There is obviously some crossover with TAM, but If I’m designing a learning experience for a new system, I use this as a mental checklist:

  • Are the learners going to believe the new system is better?
  • Are there compatibility issues that need to be addressed?
  • Can we do anything reduce complexity?
  • Do the learners have a chance to see it being used?
  • Do the learners have a chance to try it out themselves?
  • and, How can they have the opportunity to have some success with the new system?

Now, if somebody really, really doesn’t want to do something, designing instruction around these elements probably isn’t going to change their mind (Patti’s not wrong about that).  And if a new system, process or idea is really sucky, or a pain in the ass to implement, then it’s going to fail no matter how many opportunities you give the learner to try it out.

But here’s the thing – I can design a training intervention that can teach a learner how to use a new system/concept/idea, which could meet the Mager requirement (they could do it if their life depended on it), but I will design a very different (and I think better) learning experience if I consider these motivation factors as well.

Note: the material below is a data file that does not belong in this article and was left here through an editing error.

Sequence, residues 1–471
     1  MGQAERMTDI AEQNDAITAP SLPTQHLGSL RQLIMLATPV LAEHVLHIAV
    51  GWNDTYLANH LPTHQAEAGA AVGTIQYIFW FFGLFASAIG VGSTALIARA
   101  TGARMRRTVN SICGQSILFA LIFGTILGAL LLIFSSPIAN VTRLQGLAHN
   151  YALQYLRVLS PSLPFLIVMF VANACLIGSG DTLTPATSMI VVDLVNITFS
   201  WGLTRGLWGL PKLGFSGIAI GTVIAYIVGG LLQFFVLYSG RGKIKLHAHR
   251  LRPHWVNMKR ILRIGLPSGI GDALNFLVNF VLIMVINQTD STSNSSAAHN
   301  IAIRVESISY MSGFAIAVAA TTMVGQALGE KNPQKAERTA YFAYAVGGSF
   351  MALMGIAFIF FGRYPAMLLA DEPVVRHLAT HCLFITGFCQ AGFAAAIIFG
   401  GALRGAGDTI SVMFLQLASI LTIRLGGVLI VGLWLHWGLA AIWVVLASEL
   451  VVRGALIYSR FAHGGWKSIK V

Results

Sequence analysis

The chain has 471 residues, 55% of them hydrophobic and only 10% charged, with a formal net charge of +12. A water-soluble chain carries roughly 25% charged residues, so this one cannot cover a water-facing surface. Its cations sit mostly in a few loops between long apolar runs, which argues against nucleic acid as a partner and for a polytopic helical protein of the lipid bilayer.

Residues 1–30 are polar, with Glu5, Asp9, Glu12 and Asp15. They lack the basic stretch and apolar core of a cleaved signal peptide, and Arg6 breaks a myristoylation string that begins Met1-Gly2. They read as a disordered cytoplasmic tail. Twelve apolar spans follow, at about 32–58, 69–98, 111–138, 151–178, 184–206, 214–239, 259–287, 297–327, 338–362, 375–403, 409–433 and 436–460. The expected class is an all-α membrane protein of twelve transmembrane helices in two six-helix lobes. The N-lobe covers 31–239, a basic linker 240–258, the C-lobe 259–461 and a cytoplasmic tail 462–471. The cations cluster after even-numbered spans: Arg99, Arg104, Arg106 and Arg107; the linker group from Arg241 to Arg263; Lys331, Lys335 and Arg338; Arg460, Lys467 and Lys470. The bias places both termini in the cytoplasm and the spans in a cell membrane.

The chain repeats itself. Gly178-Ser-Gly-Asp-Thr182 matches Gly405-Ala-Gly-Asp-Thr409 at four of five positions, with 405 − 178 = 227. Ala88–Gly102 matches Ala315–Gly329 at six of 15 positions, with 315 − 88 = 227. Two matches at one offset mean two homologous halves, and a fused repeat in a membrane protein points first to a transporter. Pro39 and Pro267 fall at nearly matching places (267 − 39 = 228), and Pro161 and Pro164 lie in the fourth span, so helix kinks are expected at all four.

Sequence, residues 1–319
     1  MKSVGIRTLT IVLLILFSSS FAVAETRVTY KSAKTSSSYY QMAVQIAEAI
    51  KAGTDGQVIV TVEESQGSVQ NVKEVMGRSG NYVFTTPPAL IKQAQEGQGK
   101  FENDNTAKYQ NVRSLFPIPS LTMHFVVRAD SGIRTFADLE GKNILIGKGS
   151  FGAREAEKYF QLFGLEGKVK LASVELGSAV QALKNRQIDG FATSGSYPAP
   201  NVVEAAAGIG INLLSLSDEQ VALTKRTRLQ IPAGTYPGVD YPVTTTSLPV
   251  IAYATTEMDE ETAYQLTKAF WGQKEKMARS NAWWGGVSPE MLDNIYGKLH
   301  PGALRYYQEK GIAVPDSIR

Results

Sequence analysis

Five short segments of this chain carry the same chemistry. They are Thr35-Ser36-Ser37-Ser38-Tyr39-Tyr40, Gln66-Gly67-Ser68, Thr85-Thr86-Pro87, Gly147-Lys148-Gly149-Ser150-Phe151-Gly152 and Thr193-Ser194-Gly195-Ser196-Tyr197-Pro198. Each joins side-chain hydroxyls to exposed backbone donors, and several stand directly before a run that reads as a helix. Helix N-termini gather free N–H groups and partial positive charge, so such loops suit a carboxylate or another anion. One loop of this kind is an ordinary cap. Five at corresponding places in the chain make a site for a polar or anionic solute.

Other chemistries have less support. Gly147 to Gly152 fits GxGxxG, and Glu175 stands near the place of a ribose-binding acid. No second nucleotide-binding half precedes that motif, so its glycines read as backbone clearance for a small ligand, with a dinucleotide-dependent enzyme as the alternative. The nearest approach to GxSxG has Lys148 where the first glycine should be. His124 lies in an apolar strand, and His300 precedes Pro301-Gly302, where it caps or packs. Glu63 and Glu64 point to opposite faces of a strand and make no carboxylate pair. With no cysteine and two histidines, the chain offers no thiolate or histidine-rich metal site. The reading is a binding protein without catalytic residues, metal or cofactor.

I don’t want to take ownership of the entire problem of motivating learners (waaaaaay too many variables outside of my scope or control), but I do believe I share in the responsibility of creating an environment where they can succeed.

And bottom line, I believe my responsibility as a learning designer is to do my best to motivate learners by creating a learning experience where my learners can kick ass, because in the words of the always-fabulous Kathy Sierra kicking ass is more fun (and better learning).



Davis, F. D. (1989), “Perceived usefulness, perceived ease of use, and user acceptance of information technology”, MIS Quarterly 13(3): 319–340

Johnson, Eric J. and Goldstein, Daniel G., Do Defaults Save Lives? (Nov 21, 2003). Science, Vol. 302, pp. 1338-1339, 2003. Available at SSRN:

Mager, Robert and Pipe, Peter, Analyzing Performance Problems: Or, You Really Oughta Wanna–How to Figure out Why People Aren’t Doing What They Should Be, and What to do About It

Rogers, Everett Diffusion of Innovations